By Dale S. Laszig
DSL Direct LLC
Every selling day has pros and cons. Business owners may be more relaxed on Fridays, but they're often also signing checks and trying to make payroll. They may be more business-minded on Mondays, but their thoughts are typically focused on the week ahead. Sales pros have learned to navigate distractions and direct the focus to opportunities.
Merchant level salespeople (MLSs) have a small window to make a big impression. Connected technologies create workplace distractions, making it difficult to get a customer's undivided attention. Merchants rarely ignore calls, texts and tweets while they're in meetings. Their businesses are their lifelines; it's difficult to look away, even for a few minutes. That's why MLSs need to zero in on merchants first, merchant services second.
Selling is stigmatized. People delay or cancel meetings if they sense a sales pitch coming on. Seasoned MLSs take this in stride, exuding confidence and warmth when a prospect is ready to see them. I remember riding with an MLS on a day of cold calling years ago. When a prospect asked what he was selling, he replied, "Nothing. I'm giving things away today. Let me begin with my cards." Forty minutes later, he signed the account and went on to sign the merchant next door.
He opened new accounts that day with charm, wit and fascination in his prospects. He was knowledgeable about his own offerings, but he put that out of mind when he walked through the door. "I let it all go," he confided. "I purposely erase everything from my mind when I walk into a store so I can absorb as much as I can as quickly as I can."
These days MLSs still focus on customers, despite how much their jobs have changed. The days of selling pure POS solutions are gone. MLSs and other business development specialists in the payments industry are selling complex, customizable solutions designed to be seamlessly embedded in a merchant's business and brand.
"A long-standing sales axiom is to know your client and know the industry," wrote Paul H. Green in Good Selling!SM: Thirteen Weeks to Personal Success. "This was easy in the old economy, back in the days when shoes, cars and sportswear were the heart of retail, and Internet retailers were not part of the business landscape."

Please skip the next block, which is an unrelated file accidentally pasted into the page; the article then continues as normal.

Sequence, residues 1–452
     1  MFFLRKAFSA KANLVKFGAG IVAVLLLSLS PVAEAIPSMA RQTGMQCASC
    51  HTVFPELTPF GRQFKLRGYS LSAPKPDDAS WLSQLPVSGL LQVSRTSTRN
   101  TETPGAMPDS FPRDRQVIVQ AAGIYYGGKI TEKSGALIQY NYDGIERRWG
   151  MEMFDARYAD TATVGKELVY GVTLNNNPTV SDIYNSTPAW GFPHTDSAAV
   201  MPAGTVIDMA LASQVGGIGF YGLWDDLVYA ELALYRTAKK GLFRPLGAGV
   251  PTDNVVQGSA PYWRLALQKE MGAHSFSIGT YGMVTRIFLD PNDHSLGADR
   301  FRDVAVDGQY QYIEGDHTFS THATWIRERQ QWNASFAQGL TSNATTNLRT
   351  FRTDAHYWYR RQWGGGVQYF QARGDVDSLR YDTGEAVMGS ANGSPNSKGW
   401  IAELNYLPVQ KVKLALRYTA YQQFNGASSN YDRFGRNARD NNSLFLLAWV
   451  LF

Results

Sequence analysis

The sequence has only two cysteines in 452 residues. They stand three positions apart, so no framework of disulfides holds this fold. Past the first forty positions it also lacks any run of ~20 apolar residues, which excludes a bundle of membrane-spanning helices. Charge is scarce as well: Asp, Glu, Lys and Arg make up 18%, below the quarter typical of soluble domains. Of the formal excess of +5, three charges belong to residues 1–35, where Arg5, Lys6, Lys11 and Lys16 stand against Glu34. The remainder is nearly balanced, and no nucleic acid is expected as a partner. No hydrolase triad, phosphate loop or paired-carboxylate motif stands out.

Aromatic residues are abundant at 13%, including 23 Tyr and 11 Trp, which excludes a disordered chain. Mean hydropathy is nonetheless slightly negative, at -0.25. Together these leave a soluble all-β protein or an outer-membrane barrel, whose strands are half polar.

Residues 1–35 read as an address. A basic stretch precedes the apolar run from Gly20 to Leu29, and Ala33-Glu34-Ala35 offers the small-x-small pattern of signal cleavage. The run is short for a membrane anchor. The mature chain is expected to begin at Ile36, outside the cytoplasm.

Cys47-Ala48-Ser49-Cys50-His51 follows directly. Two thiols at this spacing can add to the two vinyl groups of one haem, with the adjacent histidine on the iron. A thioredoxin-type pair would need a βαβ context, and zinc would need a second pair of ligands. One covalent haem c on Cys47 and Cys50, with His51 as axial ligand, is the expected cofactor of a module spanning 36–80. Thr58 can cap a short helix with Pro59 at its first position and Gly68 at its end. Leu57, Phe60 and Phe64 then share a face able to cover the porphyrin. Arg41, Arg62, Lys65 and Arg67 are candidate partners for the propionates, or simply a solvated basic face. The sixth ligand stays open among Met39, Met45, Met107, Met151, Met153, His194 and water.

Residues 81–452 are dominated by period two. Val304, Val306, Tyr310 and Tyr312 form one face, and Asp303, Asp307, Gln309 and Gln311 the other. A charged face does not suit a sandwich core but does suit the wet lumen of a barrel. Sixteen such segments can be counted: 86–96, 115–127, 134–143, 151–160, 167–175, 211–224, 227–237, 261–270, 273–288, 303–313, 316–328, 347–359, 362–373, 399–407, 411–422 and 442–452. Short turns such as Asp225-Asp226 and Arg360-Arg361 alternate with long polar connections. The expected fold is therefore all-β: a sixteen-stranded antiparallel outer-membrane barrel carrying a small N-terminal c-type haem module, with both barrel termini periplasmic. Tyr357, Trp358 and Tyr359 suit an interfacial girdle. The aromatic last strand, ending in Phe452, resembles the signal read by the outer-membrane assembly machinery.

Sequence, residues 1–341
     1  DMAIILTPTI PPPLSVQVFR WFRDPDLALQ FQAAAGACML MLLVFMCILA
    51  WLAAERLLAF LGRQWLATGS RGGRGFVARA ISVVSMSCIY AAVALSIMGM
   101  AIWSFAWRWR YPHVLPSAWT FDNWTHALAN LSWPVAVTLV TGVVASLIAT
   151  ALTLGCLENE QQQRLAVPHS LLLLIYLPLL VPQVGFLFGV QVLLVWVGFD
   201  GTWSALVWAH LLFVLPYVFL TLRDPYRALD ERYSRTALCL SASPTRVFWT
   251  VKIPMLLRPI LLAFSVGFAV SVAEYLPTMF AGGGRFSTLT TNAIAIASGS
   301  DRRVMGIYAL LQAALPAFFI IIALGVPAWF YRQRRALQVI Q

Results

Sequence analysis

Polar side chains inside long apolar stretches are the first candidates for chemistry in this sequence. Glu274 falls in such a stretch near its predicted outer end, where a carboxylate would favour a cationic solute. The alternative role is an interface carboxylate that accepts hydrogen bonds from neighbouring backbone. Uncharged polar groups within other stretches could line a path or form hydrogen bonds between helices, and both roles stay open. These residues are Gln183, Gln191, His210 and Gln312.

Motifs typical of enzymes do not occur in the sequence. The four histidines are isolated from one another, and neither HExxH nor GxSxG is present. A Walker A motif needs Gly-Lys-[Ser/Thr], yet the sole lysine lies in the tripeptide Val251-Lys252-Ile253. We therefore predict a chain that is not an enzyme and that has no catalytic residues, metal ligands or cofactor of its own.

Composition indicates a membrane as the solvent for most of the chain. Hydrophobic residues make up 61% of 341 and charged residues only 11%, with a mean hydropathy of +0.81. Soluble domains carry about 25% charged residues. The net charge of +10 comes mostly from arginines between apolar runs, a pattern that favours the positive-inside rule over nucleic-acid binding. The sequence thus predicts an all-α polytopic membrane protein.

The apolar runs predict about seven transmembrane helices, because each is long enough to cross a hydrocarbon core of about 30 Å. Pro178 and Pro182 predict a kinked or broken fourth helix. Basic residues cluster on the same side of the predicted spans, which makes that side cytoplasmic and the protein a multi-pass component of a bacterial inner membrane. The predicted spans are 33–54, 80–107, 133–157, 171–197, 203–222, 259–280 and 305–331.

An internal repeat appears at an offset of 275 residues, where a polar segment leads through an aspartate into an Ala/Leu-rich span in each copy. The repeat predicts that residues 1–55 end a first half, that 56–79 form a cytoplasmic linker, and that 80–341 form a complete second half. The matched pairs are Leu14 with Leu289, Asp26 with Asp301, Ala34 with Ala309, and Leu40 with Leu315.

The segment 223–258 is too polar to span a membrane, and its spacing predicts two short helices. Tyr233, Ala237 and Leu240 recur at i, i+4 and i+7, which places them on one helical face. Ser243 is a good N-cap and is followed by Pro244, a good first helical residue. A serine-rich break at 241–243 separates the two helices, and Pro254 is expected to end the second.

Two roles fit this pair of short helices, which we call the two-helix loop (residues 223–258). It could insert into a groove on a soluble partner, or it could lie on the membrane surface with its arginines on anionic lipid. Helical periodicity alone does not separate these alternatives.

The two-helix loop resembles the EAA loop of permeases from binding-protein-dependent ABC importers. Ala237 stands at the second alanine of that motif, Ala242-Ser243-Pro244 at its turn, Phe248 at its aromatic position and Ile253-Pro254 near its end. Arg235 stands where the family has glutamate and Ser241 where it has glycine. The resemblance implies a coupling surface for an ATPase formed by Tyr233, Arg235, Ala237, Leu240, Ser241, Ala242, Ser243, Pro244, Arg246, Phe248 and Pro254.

When the book was published in 2004, Green noticed a shift in shopping patterns. The industry veteran and founder of The Green Sheet predicted that multilayered digital technologies would change the way people shop and buy. "You can't look under the hood, and you no longer can depend on an elegant showroom to display your product or service," he wrote. "Instead, you must rely on the look and feel of your product's display on a screen."
More than a decade later, ecommerce and mobile commerce are taking market share from stores and shopping malls. Merchants have outgrown one-size-fits-all credit card terminals. They are working with ISOs, value-added resellers and independent software vendors to create POS systems that reflect their unique identities and brands.
Merchants are also removing barriers between in-store and online commerce to create a continuous shopping experience. They recognize that ecommerce has fundamentally changed the way people shop. Whether they are online, in stores or at kiosks, consumers enjoy browsing more than they enjoy paying. Following are examples of how merchants are addressing this by creating frictionless checkouts:
When Verizon Communications Inc. decided to rebrand, it was a wake-up call for all service providers. In an interview with The Wall Street Journal's Ryan Knutson in February 2017, Diego Scotti, Executive Vice President and Chief Marketing Officer at Verizon, said it was time for a change. The company logo "was just looking tired," so Scotti refreshed it by adding a check mark to signify reliability. Then he led development of a new platform called go90 that streamed mobile-first content. The go90 brand doesn't carry the Verizon logo; Scotti wants it to stand on its own.
"What go90 is trying to do is to be a distribution platform for amazing mobile-first content," he said. "And that's something that doesn't really exist in the marketplace." His vision is to appeal to a new generation of always-on, always-connected consumers by showcasing short, bite-sized content that millennials consume on YouTube.
Verizon Chairman and Chief Executive Officer Lowell McAdam hired Scotti, whose background in retail marketing has helped the 100-year-old company transform its image from that of a simple communications carrier to an innovative technology platform. McAdam, who wants to create an emotional bond with current and future customers, looked outside the commoditized telco industry for talent who could help make that happen.
Merchant services is also transforming from providing simple payment rails to offering innovative technology platforms. Commoditization will continue, but so will opportunities for salespeople who understand their customers and help them use technology to grow and scale their businesses.
Dale S. Laszig, Staff Writer at The Green Sheet and Managing Director at DSL Direct LLC, is a payments industry journalist and content provider. She can be reached at email@example.com and on Twitter at @DSLdirect.
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